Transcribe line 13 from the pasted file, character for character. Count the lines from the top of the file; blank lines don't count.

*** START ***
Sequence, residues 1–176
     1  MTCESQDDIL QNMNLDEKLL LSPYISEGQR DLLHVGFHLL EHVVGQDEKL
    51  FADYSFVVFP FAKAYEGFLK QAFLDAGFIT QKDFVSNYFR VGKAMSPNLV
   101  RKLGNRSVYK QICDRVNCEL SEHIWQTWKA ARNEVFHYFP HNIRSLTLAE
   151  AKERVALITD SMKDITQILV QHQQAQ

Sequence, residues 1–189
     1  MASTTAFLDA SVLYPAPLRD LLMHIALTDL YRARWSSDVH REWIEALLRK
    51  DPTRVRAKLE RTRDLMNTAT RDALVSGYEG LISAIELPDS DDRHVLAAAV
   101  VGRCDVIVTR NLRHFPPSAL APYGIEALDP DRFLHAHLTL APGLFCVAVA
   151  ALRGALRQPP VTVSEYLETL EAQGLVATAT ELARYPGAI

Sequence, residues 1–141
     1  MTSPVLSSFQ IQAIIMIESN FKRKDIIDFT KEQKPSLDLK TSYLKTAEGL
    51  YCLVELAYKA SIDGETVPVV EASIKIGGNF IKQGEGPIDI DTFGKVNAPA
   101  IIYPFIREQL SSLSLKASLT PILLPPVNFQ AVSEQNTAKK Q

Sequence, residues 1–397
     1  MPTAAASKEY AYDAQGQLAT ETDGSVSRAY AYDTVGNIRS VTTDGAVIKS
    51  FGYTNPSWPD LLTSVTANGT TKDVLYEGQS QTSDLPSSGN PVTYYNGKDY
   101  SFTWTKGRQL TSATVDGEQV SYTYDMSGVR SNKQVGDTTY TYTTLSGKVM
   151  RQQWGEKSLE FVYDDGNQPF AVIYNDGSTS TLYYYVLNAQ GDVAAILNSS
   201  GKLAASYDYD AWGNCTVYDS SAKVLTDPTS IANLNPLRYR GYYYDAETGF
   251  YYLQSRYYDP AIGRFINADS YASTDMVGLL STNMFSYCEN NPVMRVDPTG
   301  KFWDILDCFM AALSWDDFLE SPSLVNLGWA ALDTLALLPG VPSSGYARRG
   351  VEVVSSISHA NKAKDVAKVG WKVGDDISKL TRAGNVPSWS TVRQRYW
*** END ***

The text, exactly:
    51  YCLVELAYKA SIDGETVPVV EASIKIGGNF IKQGEGPIDI DTFGKVNAPA